Cape Breton police still working on new strategic plan

Tuesday, September 15th, 2015 @ 11:23AM

SOURCE: CAPE BRETON POST

SYDNEY — The chief of the Cape Breton Regional Police Service says its strategic plan is a work in progress.

Chief Peter McIsaac presented the service’s three-year strategic plan to the board of police commissioners this week.

“You’re always readjusting the plan, some things you’ll like to execute longer than others,” McIsaac said.

The service unveiled its first strategic plan in 2012, with McIsaac dubbing it a road map to where the service must be.

The police service has an annual $26-million budget, 90 per cent of which goes to salaries and expenses such as uniforms, vehicles, officer safety and training.

The CBRM pays for 167 officers, with the remaining 35 officers funded through the provincial government Boots on the Street program, the integrated traffic unit with the RCMP, policing on the Membertou First Nation and with the Cape Breton-Victoria Regional School Board for school liaison officers.

Among the main objectives of the plan is to implement and foster “a culture of ethical behaviour.”

McIsaac said an ethics program was identified in the first plan, but they discovered it was a more complicated process than originally anticipated because not a lot of police services have a “living, breathing” ethics program. He described it as providing guiding principles on how to approach the job of policing in the community.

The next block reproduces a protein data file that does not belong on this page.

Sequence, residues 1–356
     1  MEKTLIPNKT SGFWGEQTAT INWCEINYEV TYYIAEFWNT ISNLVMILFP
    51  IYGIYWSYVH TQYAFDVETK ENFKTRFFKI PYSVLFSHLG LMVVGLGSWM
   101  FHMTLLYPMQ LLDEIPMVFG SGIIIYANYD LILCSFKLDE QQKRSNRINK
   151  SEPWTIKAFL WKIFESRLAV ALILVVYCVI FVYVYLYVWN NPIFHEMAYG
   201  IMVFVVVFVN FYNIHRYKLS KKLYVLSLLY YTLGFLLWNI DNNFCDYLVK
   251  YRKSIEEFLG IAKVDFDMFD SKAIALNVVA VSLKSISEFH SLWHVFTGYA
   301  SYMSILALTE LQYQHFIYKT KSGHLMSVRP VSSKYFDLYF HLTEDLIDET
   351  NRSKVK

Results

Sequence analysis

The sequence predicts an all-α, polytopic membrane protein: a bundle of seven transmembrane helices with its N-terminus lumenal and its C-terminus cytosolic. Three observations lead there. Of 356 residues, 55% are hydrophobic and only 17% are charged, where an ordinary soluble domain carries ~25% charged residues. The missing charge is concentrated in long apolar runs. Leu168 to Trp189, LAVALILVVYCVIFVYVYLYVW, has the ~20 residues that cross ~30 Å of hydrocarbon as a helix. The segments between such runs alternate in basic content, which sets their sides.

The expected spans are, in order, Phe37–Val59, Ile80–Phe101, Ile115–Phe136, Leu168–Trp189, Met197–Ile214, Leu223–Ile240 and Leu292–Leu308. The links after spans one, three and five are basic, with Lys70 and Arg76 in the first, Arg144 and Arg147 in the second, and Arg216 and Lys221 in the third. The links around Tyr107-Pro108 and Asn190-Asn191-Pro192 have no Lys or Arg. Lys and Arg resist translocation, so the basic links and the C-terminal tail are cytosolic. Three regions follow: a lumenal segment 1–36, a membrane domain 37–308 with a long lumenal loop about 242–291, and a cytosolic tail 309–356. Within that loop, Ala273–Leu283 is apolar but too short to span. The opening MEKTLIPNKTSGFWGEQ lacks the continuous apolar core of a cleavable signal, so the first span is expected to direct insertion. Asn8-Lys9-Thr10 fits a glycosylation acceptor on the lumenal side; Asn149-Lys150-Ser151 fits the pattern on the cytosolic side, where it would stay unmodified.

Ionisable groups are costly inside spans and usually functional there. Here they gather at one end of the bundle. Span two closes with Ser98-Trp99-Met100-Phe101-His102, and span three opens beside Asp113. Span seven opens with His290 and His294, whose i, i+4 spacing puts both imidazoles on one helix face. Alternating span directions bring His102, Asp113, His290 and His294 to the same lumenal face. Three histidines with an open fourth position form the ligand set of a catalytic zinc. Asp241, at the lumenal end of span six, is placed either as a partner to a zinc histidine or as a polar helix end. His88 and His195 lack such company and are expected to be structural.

“Hopefully in the next two or three years we’ll have a book that talks about our ethos, about our culture and what we stand for, which is courage, pride honour and service,” McIsaac said.

“We did a lot of work on it, there’s a lot more work to go.”

They also plan to focus on a wellness program and mental readiness of officers.

“It’s about supporting our officers when it comes to stuff, dealing with serious incidents and post-traumatic stress and making them more resilient when they go about their daily jobs,” McIsaac said.

The service also works to be creative when it comes to training, with McIsaac noting it is very expensive to provide police training today. He noted that rather than send a few officers to the Atlantic Police Academy in they bring in personnel from the academy, and are therefore able to train more officers on key parts of the job such as search warrants, interrogation, and statement analysis.

The work to update the strategic plan this time included an opportunity for public input, with the addition of an online survey.

“The comments that came back were very favourable, people had a lot of trust and confidence in us,” McIsaac said.

There were about 1,500 responses from members of the public, who were asked about issues such as customer service, response times and engagement with officers.

The strategic plan will be available on the police service’s website so that it can be reviewed by members of the public.

Cape Breton Regional Police Service:

  • Serves about 100,000 people
  • Covers a geographic area of 2,500 square kilometres
  • Responds to more than 60,000 calls for service each year
  • Has 202 sworn officers
  • Includes almost 15 specialized sections and teams
  • Has an annual budget of $26 million, 90 per cent of which goes to salaries and related expenses such as uniforms, vehicles, officer safety and training

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